2012 Grant Winners

 

Soliciting and Utilizing Feedback for Professional Development

Project Leaders:
H. Barrett Fromme, MD, MHPE, Assistant Professor of Pediatrics at the University of Chicago; Shalini Reddy, MD, Associate Professor of Internal Medicine, University of Chicago

Project Description:
Drs. Fromme and Reddy are combining their expertise and interests to create a curriculum to teach clinical medical students and residents how to solicit and utilize feedback for their own development. In the modern clinical training environment, educators often do not give feedback to learners, or do not do it well. By training the learners to initiate the process and to reflect on and utilize the feedback they get, the curriculum will lead to the development of self-reflection skills that can be used for professional self-improvement throughout their careers


 

Inoculating Against the Hidden Curriculum: Professionalism through Advocacy

Project Leader:
Angela Jackson, MD, Associate Professor of Medicine,Boston University School of Medicine

Project Description:

This project will develop, implement and evaluate a longitudinal experience that links advocacy and professionalism through clinical experiences throughout all four years of the medical school curriculum. We will introduce our students to the concept of a physician’s broader role and responsibility to society, using advocacy as a platform to showcase professionalism in action. Students will have the opportunity to explore their future responsibility to society, and learn about the diverse roles as advocates that physicians play. Most importantly, they will learn about the importance of connecting with patients as individuals within the context of their community. This curriculum is geared to help students identify events that constitute the “hidden curriculum” during clinical experiences and develop mechanisms to appropriately respond.

The curriculum begins with 1st year students, with an introductory discussion “The Physician and Society: An Introduction to Advocacy”, followed by a reflective writing exercise. Students will meet with an at-risk individual from a variety of clinical settings and hear their life stories and experiences. Small group discussion and meetings with faculty role models continue in the second and third years. Other unique components of this proposal include community field trips for 4th year students and Advocacy Journal Club. The field trip- “A Scavenger Hunt for Health” is an immersion experience, teaching students to recognize the social determinants of health within their patients’ communities, such as access to safe outdoor space, healthy food and affordable transportation. The Advocacy Journal Club will identify current events from the media framing the topic in the context of their actual patients, increasing awareness of the impact of local, state and national events on health.

 

Social Media and Medical Professionalism: Perfect Match or Perfect Storm?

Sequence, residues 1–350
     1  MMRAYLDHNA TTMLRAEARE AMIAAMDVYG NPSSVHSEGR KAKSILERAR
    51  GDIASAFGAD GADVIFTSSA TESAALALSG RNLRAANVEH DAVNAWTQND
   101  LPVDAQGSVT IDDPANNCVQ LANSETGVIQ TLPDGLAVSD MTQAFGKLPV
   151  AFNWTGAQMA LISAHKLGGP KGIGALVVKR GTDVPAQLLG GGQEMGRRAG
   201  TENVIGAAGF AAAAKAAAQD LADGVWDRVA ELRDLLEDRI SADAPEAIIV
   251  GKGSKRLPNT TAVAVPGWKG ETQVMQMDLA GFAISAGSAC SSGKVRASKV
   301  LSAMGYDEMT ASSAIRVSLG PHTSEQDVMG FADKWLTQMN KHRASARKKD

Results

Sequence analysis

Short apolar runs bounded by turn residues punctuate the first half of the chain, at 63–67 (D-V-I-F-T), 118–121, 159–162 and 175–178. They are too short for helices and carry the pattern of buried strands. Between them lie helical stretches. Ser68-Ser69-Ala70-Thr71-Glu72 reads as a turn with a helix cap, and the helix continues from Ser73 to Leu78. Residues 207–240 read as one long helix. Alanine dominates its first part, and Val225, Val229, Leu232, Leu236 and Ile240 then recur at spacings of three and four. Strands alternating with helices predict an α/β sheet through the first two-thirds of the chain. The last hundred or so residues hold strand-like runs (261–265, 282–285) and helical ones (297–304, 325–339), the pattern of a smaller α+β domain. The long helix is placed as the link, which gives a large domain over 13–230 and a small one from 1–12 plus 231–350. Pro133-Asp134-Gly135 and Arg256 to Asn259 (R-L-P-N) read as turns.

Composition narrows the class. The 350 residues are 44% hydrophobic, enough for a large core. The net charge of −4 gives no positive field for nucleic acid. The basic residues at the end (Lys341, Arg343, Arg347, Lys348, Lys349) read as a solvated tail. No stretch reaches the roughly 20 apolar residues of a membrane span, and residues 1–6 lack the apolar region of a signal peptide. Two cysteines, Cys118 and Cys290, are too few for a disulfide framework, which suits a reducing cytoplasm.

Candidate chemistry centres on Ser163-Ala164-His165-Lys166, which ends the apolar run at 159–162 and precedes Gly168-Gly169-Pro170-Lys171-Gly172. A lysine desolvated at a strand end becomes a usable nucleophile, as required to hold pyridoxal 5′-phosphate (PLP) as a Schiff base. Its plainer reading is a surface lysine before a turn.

Project Leader:
Elizabeth Kitsis, MD, MBE, Director of Bioethics Education and Assistant
Professor of Epidemiology & Population Health and Medicine, Albert
Einstein College of Medicine

Project Description:
Social media has become a primary form of communication for the millennial generation. The purpose of this project is to help students understand the potential benefits and harms of using social media in medicine. First, the existing generation gap will be narrowed through an intensive faculty education program on social media and medicine. Next, first- and second-year medical students will create and analyze their own “digital footprints” for evidence of on-line behavior that may be inconsistent with professionalism. Students will also have simulated encounters in which social media issues are raised. Third-year students will interview patients in the Bronx community in order to assess their social media usage. This will help determine whether social media use can help enhance the well-being of the patient population served by Einstein.


 

UCSF Professionalism Learning Community

Project Leader:
Catherine R Lucey MD, Vice Dean for Education at the UCSF School of Medicine

Project Description:
This program has two major goals:
1. Plan and implement an educational program that fosters the development of skills to help students, residents, and faculty develop competence and confidence in self-regulation of professionalism in the clinical environment.
2. Build and continuously renew and expand a supportive clinical work place community that advances professionalism through educational programs and self-regulation.

Current experiences with professionalism challenges and lapses within each clinical discipline will be analyzed and combined with emerging theories on professionalism to develop workshops that teach practical skills and reinforce desired behaviors. Moreover, a key aspect of this program is the planned recruitment of new PLC members at each workshop. These new members will ensure that there is an ever-expanding group of learners and faculty who are committed to advancing professionalism in the clinical environment. The proposal will target medical students, residents and faculty in the UCSF training environment.




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